On Wednesday, March 8, thousands of women around the country refrained from going to work, doing household chores, and shopping at major companies in order to demonstrate the economic power and value of women workers as well as take a stand for women’s rights.
Although March 8 is typically observed as International Women’s Day, the organizers behind the monumental Women’s March on Washington launched a national protest called “A Day Without a Woman,â€ which encouraged women to take the day off from work and/or wear red. Many of those who were able to call out of work participated in rallies held in big cities like New York, Chicago, Los Angeles, and Washington, D.C. There were also hundreds of smaller demonstrations in other parts of the country.
During an act of civil disobedience, four organizers of the strike were arrested while blocking traffic outside Trump International Hotel in New York City. The organizers were Linda Sarsour, Tamika Mallory, Carmen Perez, and Bob Bland. Before she was arrested, Sarsour delivered a speech at the New York City demonstration, addressing critics who accused striking women of being only for “privileged” women.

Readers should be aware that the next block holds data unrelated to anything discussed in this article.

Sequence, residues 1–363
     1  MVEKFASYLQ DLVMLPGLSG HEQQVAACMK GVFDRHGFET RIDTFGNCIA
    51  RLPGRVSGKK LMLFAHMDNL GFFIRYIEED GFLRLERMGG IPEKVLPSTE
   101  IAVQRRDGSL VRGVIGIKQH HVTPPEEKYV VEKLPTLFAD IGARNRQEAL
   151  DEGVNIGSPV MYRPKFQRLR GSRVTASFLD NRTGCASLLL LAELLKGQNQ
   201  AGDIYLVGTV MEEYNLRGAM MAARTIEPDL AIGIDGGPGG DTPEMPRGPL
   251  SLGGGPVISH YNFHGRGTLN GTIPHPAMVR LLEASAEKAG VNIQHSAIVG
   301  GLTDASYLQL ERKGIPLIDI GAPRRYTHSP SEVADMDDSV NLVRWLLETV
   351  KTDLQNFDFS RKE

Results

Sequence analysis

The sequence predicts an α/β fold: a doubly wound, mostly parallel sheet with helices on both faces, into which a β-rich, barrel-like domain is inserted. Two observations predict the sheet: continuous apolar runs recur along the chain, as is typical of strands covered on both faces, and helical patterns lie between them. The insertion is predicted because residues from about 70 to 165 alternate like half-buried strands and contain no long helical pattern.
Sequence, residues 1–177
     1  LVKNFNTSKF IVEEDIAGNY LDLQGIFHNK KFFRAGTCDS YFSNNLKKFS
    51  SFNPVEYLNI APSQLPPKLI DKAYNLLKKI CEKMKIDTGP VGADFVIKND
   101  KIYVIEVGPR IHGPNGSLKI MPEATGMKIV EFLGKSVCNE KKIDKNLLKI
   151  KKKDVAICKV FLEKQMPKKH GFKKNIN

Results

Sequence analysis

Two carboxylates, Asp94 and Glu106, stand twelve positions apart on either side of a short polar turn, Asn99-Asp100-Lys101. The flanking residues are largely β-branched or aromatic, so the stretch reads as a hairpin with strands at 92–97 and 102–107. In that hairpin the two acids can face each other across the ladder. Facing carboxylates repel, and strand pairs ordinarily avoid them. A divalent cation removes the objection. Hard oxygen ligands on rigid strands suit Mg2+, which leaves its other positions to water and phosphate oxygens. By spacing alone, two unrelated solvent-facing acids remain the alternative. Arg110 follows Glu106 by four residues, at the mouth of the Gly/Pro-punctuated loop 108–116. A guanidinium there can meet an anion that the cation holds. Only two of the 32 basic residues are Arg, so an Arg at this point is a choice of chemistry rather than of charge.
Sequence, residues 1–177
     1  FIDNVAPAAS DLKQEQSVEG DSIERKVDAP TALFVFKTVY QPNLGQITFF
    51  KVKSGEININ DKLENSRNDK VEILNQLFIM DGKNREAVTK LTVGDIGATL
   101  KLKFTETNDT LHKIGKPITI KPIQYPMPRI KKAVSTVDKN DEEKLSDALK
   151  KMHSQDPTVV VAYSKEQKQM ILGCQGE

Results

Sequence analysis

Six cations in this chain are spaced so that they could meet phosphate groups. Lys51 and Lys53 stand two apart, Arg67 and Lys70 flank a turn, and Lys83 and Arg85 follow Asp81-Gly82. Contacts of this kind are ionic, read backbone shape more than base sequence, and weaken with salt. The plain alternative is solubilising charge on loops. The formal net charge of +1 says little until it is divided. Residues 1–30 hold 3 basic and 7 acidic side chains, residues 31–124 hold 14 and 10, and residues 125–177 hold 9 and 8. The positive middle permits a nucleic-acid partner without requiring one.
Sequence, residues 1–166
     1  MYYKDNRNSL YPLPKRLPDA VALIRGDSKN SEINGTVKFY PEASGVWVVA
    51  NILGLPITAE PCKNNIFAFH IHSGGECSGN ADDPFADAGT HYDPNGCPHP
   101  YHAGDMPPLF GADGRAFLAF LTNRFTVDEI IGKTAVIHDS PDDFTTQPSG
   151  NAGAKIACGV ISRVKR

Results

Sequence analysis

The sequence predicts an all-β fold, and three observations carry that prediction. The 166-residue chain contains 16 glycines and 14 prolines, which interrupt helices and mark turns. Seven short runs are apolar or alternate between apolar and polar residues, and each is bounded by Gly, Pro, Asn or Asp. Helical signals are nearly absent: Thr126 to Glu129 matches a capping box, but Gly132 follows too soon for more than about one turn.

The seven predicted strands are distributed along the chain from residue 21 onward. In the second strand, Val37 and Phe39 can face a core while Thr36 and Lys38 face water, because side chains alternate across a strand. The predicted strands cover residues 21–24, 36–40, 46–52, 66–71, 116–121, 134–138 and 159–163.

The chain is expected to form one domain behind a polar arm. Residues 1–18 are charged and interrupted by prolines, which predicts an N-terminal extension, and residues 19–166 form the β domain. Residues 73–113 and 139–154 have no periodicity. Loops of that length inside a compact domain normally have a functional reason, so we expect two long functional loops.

“We honor the women who striked in the Montgomery bus boycott,” said Sarsour, according to NBC News. “Are those privileged women? What about the farm workers that said ‘We will not pick this produce without worker’s protections?’ Were those people privileged?” She added, “The movements that we are all a part of have always been led by those who have the most to lose. Social justice movements are not convenient.”
A number of celebrities also showed their solitary by posting on social media. Actress Kerry Washington, for example, shared a photo of herself rocking pin curls and a “Day Without a Woman” t-shirt on Twitter:
Meanwhile, Tracee Ellis Ross posted a photo on Instagram of her sporting a “Women’s Rights Are Human Rights” t-shirt: